What’s wrong with my FreeNAS NAS now!

A near-death experience

My FreeNAS based NAS has had an interesting life so far but I thought it had bitten the bullet today!

After experiencing yet another power outage caused by the main fusebox tripping, my various servers appeared to come back up OK with fans whirring and lights blinking. However, a couple of hours later when I attempted to access some files on my NAS, I was greeted with a “can’t connect” type error. I tried accessing the FreeNAS web GUI – no response. Next I tried pinging the box from the shell – dead. So, as a last resort I connected up the monitor and a keyboard… and found the console full of errors relating to mount failures and unrecoverable errors.

To cut a long story short it looks like the power failure corrupted the FreeNAS OS install on the flash drive (and after a bit of Googling it sounds like this happens more often than you would hope!). Given that my RAIDZ array is separate from the OS install being split across the 4 Samsung 2TB drives, I was hopeful that I would be able to reinstall FreeNAS on the flash drive and restore the previously configured ZFS volume. Unfortunately I’d not got round to creating a backup of the FreeNAS configuration (tut tut) so I would have to configure it all up again by hand.

The phoenix rises from the ashes…

After plugging in a brand new 4GB flash drive and running the CD based installer again, I had a fresh vanilla FreeNAS install configured with the same network settings as previously. I was then able to access the web GUI and start to restore what I could remember of the previous configuration. First I created the users and groups required and then performed an auto-import of the ZFS volume – which worked flawlessly! Very nice.

After reconfiguring the missing CIFS and AFP shares (including the one required for my iMac Time Machine backups), enabling SSH and installing my own SSL and SSH keys I was more or less back to the state I was in before. Woo hoo!

So what I have I learnt from this?

Well, several things really, including:

  • I must get my NAS box connected to my APC UPS (the reason I haven’t so far is just laziness)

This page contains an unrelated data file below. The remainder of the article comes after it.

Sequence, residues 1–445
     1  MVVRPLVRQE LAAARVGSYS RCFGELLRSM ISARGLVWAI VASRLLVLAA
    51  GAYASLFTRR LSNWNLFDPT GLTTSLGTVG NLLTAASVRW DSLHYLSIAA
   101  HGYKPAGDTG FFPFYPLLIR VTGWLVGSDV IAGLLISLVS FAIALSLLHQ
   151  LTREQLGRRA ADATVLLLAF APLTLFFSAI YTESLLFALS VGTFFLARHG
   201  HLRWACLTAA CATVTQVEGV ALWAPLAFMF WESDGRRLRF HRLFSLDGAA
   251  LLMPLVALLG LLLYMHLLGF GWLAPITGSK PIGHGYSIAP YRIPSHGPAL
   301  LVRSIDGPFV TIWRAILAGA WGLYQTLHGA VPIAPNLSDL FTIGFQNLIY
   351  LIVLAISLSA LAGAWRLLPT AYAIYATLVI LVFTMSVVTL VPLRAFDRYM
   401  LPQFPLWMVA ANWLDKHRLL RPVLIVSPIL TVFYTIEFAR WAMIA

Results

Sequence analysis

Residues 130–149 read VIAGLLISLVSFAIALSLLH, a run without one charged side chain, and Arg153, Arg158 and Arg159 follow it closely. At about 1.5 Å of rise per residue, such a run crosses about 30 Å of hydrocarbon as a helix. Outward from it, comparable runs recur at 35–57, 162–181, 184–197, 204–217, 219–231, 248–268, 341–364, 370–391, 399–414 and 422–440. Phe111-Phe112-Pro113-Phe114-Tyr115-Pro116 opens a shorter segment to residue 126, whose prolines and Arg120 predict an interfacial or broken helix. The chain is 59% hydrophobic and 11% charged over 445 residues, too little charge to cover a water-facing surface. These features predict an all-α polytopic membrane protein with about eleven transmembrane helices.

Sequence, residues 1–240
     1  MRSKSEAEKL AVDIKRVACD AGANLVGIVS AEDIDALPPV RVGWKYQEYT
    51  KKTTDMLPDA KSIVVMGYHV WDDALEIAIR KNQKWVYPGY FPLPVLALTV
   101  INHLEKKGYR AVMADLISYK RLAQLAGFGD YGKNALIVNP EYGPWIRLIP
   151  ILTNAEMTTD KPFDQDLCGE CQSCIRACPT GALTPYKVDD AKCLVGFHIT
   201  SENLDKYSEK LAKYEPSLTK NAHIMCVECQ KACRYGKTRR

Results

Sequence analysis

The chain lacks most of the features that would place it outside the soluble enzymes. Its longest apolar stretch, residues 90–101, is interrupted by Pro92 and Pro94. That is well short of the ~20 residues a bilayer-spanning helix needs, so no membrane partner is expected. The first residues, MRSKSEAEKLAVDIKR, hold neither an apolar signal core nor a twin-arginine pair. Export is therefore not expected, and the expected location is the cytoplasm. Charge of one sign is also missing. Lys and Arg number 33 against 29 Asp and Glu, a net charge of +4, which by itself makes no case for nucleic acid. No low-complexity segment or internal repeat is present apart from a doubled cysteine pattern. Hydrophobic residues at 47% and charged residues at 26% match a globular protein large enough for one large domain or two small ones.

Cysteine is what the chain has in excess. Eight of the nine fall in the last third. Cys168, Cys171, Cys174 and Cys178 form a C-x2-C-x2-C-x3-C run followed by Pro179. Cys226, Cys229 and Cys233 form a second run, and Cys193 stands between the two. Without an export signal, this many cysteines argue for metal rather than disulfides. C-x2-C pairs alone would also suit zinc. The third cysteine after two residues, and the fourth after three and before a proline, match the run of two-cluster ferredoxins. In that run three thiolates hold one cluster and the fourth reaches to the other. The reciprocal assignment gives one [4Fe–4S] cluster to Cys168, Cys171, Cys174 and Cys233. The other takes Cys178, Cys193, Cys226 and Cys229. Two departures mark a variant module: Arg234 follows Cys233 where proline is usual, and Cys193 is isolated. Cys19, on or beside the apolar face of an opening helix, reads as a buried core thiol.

• I must make a backup of my FreeNAS configuration in case I need to do this again
  • I have an even greater respect for the resilience of ZFS volumes
  • I must get my house electrics sorted once and for all!

How fast should my FreeNAS based HP Microserver NAS be?…

It’s been a couple of weeks since I built a home NAS using a HP Microserver N36L with 8GB RAM, FreeNAS 8.0.2-RELEASE and 4 x 2TB Samsung F4 hard drives configured as a RAIDZ2. Apart from a scary incident which resulted in an unexpected real world test of RAIDZ2 resilience, the NAS has been pretty stable although I’ve not been blown away by read/write performance over the network. I didn’t really want to get into fine tuning ZFS this early as I was hoping the out-of-the-box performance would be good enough, but it looks like I’m going to have to do a bit of investigation to understand why performance is not as good as I had hoped.

Network dropouts

It’s worth mentioning that I was also experiencing regular incidents of the NAS dropping off the network and reappearing several seconds later. This was particularly noticeable when SSHing onto the box using Putty, only to have the shell stop responding and the connection terminated a few seconds later. At the same time the web GUI would also stop responding and any remote file shares would also disappear.

Checking the FreeNAS logs didn’t show anything scary such as disk problems, so I Googled a bit and found many reports of problems with the on-board Broadcom based NC107i embedded network controller on the HP Microserver N36L. Users report regular network disconnection and reconnection problems and many have resorted to installing a separate quality NIC (such as an Intel PRO/1000 server or desktop card) in one of the PCIe slots. This sounded promising and I was all set to order a NIC when it dawned on me that I had been playing about with configuring my various network devices for jumbo frames support and when I couldn’t get it to work reliably had forgotten to revert my Win XP PCs NIC settings back to a default MTU of 1500! As soon as I did this the NAS network connection was steady again so I’ve delayed the purchase of a separate NIC… for now at least!

Testing network speed with iperf / jperf

Given the numerous reports of problems with the on-board NIC in the N36L, the first test I wanted to perform was a low level network test using iperf and its GUI front-end jperf. Luckily iperf is bundled with FreeNAS so it was simply a case of starting it in server mode using the command:

iperf -s

Then I fired up jperf on my iMac and ran a few basic tests…

The results were very positive! After several runs the average TCP transfer rate was around 910 Mb/s (or around 113 MB/s) which must be near the theoretical maximum throughput for a Gigabit network. Now these were not exhaustive tests for any long period or under sustained load, but the on-board network controller appears to be doing its job at least some of the time so I don’t think that’s the main cause of poor performance.

So next I think I need to start drilling down into testing the raw hard drive IO performance and then maybe onto a bit of ZFS tuning. But that will have to wait until another post 🙂